We may never know who the world’s biggest Roger Federer fan is. To find this fervently and perhaps frighteningly devoted individual, we would need to survey the 14 million people who have made Federer their friend on Facebook, the 5.2 million people who follow him on Twitter, the 350,000 registered users at his website, rogerfederer.com, and the millions more who, as his opponents sometimes quietly complain, make the Swiss Maestro feel as if he’s playing tennis at home when he’s thousands of miles away from it.
We might also need to investigate Brazil. After visiting the country for the first time, in 2012, Federer told the Swiss paper Tages Anzeiger, “I met more fans that collapsed in tears than elsewhere. It was amazing how many were shaking. I had to practically take them in my arms and say, ‘It’s OK, it’s OK.’”
Yet even among that globe-spanning cross section of humanity, Michele Drohan, a Massachusetts native and Manhattan resident who has never set foot in Switzerland nor spoken with Federer face to face, says she “automatically wins any contest in which someone tells me they’re a bigger Federer fan.” Her trump card, you ask? The “RF” logo she has tattooed on the inside of her left wrist.
“I got it the day Fed won the French Open in 2009,” she says, while admitting that a celebratory beverage or two may have played a role in the decision. “My friends and family actually think it’s great, or so they say. Of course, there are a few people who think it’s nuts.”
The tennis nut is not a new phenomenon, of course, but fans of today’s players have made the term seem more apt than ever. The sport’s current crop of likable, durable superstars—Federer, Rafael Nadal, Novak Djokovic, Ana Ivanovic, Serena Williams, Caroline Wozniacki and others—have inspired impassioned communities of followers on social media and given the game’s enthusiasts a new, collective, sometimes obsessive voice. Few, if any, sports are better suited to the Internet; in any given location, tennis fans may be sparse, but they can be found in virtually every country. And when it comes to the most famous player, Federer and his traditionalist appeal know no boundaries.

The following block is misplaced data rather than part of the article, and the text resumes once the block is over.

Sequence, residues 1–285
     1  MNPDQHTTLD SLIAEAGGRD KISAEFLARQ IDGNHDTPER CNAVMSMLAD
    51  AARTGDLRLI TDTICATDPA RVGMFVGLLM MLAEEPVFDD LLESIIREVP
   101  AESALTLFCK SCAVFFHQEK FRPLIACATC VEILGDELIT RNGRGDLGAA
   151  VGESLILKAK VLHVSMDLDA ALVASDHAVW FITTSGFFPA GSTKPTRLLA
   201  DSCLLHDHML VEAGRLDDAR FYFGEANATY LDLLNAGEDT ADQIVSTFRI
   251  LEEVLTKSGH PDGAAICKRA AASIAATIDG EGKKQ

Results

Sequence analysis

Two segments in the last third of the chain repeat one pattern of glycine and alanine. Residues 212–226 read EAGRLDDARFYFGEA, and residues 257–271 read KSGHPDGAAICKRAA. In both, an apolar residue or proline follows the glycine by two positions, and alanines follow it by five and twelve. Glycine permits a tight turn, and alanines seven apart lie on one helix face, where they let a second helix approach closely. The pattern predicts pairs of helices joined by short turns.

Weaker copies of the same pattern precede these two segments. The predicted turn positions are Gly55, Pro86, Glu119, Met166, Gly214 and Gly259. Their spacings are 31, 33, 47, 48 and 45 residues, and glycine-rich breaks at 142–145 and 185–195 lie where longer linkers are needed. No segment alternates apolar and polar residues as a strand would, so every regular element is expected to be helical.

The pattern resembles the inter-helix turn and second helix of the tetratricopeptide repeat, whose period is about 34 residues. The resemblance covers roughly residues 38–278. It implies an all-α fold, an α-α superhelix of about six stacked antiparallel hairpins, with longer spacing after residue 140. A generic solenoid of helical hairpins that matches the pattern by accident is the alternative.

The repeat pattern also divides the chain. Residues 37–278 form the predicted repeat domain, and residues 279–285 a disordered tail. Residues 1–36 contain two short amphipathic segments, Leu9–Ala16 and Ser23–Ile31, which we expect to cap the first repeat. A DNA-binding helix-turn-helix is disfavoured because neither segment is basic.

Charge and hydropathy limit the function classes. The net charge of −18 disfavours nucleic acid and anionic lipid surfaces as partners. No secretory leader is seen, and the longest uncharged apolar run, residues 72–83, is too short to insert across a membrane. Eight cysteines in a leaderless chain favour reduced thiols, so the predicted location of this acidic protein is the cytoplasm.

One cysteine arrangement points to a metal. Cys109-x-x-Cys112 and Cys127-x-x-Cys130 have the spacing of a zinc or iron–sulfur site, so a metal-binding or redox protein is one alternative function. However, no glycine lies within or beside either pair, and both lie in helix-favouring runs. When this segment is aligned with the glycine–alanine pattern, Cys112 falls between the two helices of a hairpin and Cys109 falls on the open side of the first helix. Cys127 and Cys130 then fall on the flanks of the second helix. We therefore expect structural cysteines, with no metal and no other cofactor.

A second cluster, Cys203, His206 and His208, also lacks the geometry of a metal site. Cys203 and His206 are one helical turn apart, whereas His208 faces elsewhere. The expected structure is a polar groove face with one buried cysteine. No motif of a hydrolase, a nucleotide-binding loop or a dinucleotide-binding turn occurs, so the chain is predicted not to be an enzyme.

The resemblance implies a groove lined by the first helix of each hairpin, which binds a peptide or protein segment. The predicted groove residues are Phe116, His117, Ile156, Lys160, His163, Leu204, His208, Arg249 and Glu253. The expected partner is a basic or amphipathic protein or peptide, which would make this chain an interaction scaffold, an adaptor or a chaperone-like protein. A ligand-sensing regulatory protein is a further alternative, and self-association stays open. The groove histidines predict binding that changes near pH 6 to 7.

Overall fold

Just ask Colleen Taylor, who works in IT software in Dallas. Taylor has been a tennis fan since 1976, the year she turned on the Wimbledon final and caught a glimpse of Bjorn Borg and his long, blond hair flying across Centre Court. But her crush on Borg was just a warm-up for the deeper involvement with Federer, and his extended family of fans, that Taylor has developed over the last decade.
“I started to follow him when he won Wimbledon for the first time [in 2003],” Taylor says. “I thought, ‘This guy is different, the things he can do with a racquet, he’s a throwback.’ But it wasn’t until he lost to [Marat] Safin at the Australian Open in 2005 that I realized how much I cared. It was so devastating, and I thought, ‘Uh oh, I really like this guy.’”
Taylor knew the symptoms, and she knew where they would lead—to a lot more cleaning and a lot less eating.
“If Roger played an epic match every day,” she says, “I would be a size zero and my house would be immaculate. Watching on TV, I’m a wreck, and the commentary drives me crazy when he plays. I don’t know why, but I have to mute it. In the Wimbledon final [in 2014], I had to walk away completely.”
Taylor may have kept these facts mostly to herself, though, if she hadn’t discovered an online universe whose citizens knew exactly how she felt.
“It was nice to find a bunch of people who didn’t think I was crazy,” she says with a laugh.
Taylor’s virtual community soon became a real one, and she’s now something of a celebrity among the Federer faithful. She has met up with fellow Fed fanatics at ATP Masters 1000 tournaments in Indian Wells, Cincinnati and Miami, where she unveiled the first “shh!! quiet! genius at work” banners that can now be seen at virtually every Federer match, tucked into a (not-so-quiet) corner of the stadium.